|Publication number||US4670906 A|
|Application number||US 06/894,084|
|Publication date||Jun 2, 1987|
|Filing date||Aug 6, 1986|
|Priority date||Apr 2, 1986|
|Publication number||06894084, 894084, US 4670906 A, US 4670906A, US-A-4670906, US4670906 A, US4670906A|
|Inventors||Stuart W. Thro|
|Original Assignee||Motorola, Inc.|
|Export Citation||BiBTeX, EndNote, RefMan|
|Patent Citations (4), Referenced by (112), Classifications (20), Legal Events (7)|
|External Links: USPTO, USPTO Assignment, Espacenet|
This is a continuation of Ser. No. 847,100, filed Apr. 2, 1986 and now abandoned, which in turn is a continuation of Ser. No. 603,399, filed Apr. 24, 1984 and now abandoned.
The present invention is related to the instant assignee's U.S. patent application, Ser. No. 441,329, (now U.S. Pat. No. 4,481,670), filed Nov. 12, 1982, entitled "Method and Apparatus For Dynamically Selecting Transmitters For Communications Between A Primary Station And Remote Stations Of A Data Communications System" and invented by Thomas A. Freeburg, which application is incorporated herein by reference.
The present invention relates generally to radio communications systems, and more particularly to an improved method and apparatus for dynamically selecting one of a plurality of radio frequency signal transmitters for transmitting message signals from a primary station to remote stations of a data communications system.
In radio communications systems covering larger geographical areas than can be adequately covered with a single radio frequency signal transmitter, a selection scheme must be used to insure that the transmitter selected will provide good quality communications to the desired remote station.
The problem of selecting which of several possible radio transmitters should be used to respond to a remote station has been solved with a limited degree of success in several different ways. According to one technique, the radio receiver receiving the strongest RF signal from a selected remote station is used to define the approximate location of that remote station. The primary station simply selects the radio transmitter covering the geographical area of the receiver receiving the strongest signal from the selected remote station.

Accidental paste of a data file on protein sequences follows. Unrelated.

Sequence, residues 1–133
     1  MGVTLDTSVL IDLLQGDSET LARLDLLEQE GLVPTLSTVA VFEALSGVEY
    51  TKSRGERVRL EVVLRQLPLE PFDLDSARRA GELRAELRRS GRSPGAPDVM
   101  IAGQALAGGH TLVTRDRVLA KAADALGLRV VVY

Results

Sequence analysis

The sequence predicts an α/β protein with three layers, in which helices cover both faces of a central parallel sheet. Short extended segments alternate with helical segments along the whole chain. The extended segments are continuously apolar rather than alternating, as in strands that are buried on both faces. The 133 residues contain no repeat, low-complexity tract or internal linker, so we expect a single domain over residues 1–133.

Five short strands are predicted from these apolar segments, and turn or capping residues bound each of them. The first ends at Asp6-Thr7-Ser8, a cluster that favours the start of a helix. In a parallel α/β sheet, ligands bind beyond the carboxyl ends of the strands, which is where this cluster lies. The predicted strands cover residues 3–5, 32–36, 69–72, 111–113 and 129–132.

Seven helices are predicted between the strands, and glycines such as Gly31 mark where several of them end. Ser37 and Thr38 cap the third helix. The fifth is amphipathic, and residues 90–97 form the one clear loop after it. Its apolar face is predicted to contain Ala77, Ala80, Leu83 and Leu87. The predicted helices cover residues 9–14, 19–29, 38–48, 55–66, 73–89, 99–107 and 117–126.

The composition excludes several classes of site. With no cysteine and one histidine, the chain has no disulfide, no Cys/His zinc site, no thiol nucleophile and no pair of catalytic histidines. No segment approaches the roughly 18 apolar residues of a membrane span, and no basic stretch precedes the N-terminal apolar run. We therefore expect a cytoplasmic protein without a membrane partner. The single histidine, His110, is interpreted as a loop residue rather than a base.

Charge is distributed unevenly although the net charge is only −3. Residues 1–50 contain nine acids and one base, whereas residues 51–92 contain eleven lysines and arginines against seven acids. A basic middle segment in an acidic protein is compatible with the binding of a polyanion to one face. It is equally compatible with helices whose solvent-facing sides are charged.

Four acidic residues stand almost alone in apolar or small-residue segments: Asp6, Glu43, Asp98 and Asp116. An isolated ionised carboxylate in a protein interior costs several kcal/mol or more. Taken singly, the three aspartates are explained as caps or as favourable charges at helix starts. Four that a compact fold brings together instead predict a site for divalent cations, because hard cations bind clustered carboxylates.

According to another technique, each remote station is permanently assigned to a specific geographical area including one or more zones covered by a specific radio transmitter. This technique works reasonably well as long as the remote station remains within the geographical area covered by the assigned radio transmitter. However, this technique is inadequate for communications systems where each remote station is free to move about throughout a very large geographical area, making it impossible to limit a remote station to the coverage area of a single radio transmitter.
According to yet another technique that is utilized in cellular radiotelephone systems, the remote station determines the zone in which it is located by selecting the radio transmitter having the largest signal strength. This technique requires that each radio transmitter have a different frequency, and that communications from the primary station to a selected remote station be sent in all zones in order for the remote station to make its choice known on demand. This technique is adequate for radiotelephone systems where the average message length is much longer than the setup message length, but is inadequate for data communications sytems where the average message length is not much larger than the set up message length. Therefore, in order to provide good quality communications in data communications systems, it is necessary to determine the location of each remote station in the system and frequently update such as remote stations move about.
It is an object of the present invention to provide an improved method and apparatus for dynamically selecting one or a group of a plurality of radio frequency signal transmitters for transmitting message signals from a primary station to a target remote station of a data communications system.
It is yet a further object of the present invention to provide an improved method and apparatus to determine for each primary station to remote station transmission which of the transmitters may be simultaneously used for independent message traffic without interfering with communications currently in progress.